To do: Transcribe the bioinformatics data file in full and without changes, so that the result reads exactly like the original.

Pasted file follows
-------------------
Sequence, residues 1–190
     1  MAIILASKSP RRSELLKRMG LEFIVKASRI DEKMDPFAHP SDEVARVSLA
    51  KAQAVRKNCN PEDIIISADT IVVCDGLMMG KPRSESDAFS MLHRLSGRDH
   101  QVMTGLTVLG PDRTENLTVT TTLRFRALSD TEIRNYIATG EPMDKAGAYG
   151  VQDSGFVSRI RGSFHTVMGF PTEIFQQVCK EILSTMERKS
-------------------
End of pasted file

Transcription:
Sequence, residues 1–190
     1  MAIILASKSP RRSELLKRMG LEFIVKASRI DEKMDPFAHP SDEVARVSLA
    51  KAQAVRKNCN PEDIIISADT IVVCDGLMMG KPRSESDAFS MLHRLSGRDH
   101  QVMTGLTVLG PDRTENLTVT TTLRFRALSD TEIRNYIATG EPMDKAGAYG
   151  VQDSGFVSRI RGSFHTVMGF PTEIFQQVCK EILSTMERKS